So, you have this property you were able to acquire through inheritance, or you had built, but you have another career that keeps you busy, and you have no time at all, or you have no idea how to be a landlord. Well, there’s a solution: instead of you becoming a landlord you can hire property managers like Native Management to do the work for you.
Property managers assume the responsibilities of the landlord. They make sure that your property will continue to generate profit for you. What they do varies, based on what type of property they are managing and other variables, like terms of contract and pay. But before getting all excited and making plans to hire someone as your property manager, you must first learn what exactly a property manager does.
Property managers handle the financial aspects of being a landlord. If the property manager operates multiple properties at the same time, they can hire people to help them handle different tasks for each property.
- Rents. Property managers can give the responsibility to collect and manage rents that tenants pay. These rents are used to pay off the salaries of employees and pay for the maintenance costs, while the rest is your profit. They may also be allowed to manage the rates of rents your tenants pay.
- Budget. Property managers are responsible for budgeting the money the property earns for paying off the employees, their salaries and the maintenance cost while giving you the rest as profit. Also, they ensure there are enough funds to cover repairs, planned maintenance, etc. for the building.
- Taxes. Apart from the rent and budgeting the costs, property managers may also be responsible for filing the relevant documents related to property taxes.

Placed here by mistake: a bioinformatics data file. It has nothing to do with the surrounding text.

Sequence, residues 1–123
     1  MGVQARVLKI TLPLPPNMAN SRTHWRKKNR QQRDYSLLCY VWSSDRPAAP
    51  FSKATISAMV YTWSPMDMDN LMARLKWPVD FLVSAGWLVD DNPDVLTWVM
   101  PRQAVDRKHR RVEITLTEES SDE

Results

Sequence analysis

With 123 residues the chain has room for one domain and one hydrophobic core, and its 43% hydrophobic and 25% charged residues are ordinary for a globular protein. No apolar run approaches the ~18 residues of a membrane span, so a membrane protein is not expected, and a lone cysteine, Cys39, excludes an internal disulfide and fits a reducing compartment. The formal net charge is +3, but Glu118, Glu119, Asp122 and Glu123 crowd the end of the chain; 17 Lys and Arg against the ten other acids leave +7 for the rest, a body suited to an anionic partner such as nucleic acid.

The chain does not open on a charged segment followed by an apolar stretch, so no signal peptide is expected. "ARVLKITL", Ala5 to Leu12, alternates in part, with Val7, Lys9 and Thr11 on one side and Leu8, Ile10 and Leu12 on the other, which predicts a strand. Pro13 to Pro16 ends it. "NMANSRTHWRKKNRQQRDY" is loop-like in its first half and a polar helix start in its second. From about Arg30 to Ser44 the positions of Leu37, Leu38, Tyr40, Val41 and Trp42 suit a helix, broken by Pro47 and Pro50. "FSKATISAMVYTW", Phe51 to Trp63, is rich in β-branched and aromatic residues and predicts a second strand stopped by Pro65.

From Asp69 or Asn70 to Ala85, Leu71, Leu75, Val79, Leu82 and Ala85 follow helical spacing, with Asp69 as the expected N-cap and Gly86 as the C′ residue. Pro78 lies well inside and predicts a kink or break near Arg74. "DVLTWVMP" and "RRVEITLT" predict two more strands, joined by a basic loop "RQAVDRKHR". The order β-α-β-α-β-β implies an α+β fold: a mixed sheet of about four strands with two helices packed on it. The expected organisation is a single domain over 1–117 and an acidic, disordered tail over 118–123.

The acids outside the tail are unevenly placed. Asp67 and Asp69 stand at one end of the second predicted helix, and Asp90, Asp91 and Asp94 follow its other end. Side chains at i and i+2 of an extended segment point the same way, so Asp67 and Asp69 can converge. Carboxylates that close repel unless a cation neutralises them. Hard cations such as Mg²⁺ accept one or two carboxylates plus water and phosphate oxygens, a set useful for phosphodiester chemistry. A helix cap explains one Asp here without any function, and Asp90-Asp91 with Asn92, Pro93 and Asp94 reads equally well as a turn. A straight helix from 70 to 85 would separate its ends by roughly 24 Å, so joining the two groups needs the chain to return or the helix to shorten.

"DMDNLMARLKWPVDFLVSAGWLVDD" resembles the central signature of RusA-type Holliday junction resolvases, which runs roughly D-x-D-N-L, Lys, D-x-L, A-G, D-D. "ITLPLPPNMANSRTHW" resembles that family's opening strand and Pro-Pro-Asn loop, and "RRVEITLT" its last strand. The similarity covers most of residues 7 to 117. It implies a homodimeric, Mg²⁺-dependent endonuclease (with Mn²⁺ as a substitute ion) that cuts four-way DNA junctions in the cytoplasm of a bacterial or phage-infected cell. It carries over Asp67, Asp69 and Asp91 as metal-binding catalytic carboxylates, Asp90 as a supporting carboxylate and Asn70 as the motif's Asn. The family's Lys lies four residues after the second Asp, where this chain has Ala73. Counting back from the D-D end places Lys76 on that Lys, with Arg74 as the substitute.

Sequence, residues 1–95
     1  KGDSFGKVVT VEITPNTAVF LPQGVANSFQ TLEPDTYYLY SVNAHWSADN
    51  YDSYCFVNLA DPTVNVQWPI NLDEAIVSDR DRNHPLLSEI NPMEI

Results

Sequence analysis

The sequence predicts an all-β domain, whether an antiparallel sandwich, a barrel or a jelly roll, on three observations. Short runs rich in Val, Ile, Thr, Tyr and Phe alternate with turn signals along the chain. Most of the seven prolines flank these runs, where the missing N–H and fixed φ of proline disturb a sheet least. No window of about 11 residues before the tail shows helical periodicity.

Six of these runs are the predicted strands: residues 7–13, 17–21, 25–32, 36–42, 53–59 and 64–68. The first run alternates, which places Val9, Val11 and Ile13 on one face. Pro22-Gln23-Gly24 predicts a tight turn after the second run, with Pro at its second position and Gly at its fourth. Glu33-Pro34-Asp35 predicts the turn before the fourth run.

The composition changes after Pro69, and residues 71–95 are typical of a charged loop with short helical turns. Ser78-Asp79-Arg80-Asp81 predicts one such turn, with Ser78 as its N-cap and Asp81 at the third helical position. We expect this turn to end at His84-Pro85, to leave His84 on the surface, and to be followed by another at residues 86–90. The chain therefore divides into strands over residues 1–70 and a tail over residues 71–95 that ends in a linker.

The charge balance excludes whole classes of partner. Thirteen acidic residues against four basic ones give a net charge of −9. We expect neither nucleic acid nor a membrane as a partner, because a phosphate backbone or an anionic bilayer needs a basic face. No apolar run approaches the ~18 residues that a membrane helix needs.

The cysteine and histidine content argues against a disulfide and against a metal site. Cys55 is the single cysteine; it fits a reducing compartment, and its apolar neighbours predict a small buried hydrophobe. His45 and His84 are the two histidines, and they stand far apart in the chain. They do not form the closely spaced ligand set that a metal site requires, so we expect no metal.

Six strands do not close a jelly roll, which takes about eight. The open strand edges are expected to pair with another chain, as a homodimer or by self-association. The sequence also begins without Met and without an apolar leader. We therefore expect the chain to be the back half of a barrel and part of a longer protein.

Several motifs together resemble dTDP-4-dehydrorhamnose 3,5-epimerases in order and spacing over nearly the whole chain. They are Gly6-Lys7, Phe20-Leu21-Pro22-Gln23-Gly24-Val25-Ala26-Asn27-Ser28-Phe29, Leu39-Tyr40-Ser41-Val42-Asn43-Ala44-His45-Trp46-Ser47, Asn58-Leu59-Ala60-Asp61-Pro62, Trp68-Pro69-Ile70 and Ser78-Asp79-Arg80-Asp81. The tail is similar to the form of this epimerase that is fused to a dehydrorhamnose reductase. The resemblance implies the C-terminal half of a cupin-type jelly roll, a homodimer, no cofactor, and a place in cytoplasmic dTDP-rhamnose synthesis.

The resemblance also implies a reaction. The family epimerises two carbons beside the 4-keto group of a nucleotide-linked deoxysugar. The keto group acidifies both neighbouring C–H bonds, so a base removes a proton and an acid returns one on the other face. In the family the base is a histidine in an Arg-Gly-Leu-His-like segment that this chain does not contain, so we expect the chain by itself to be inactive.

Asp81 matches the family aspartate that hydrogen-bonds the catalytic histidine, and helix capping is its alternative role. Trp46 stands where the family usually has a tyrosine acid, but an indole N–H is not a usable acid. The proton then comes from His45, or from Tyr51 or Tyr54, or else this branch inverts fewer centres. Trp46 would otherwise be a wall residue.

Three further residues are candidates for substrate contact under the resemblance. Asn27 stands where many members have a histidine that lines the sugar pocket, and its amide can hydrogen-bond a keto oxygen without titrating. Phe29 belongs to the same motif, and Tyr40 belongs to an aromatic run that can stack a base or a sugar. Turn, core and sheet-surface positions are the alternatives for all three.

Property managers can also be responsible for finding and screening tenants, selecting only those who may be able to pay rent, addressing leases, tenant complaints, evictions, and move outs. Property managers are expected to be familiar with all the laws concerning the landlord’s responsibility to their tenants and well as always protecting the interest of the landlord in all cases. He or she is expected to handle tenant complaints immediately.
The property manager oversees the maintenance of the property. He is also supposed to manage the budgeting of the money earned by the property to pay off all the maintenance costs and have repairs carried out immediately if it is essential (for example, if a unit’s electricity supply is cut off due to a blown fuse). He also sees to it that even vacant properties are regularly maintained to make sure that the unit is 100% liveable and ready to use anytime.
Property managers may hire employees if they handle too many properties and are unable to perform the critical tasks alone. At the same time, they are responsible for making sure that the staff are working, being paid reasonably, or being terminated to protect the interest of the landlord.
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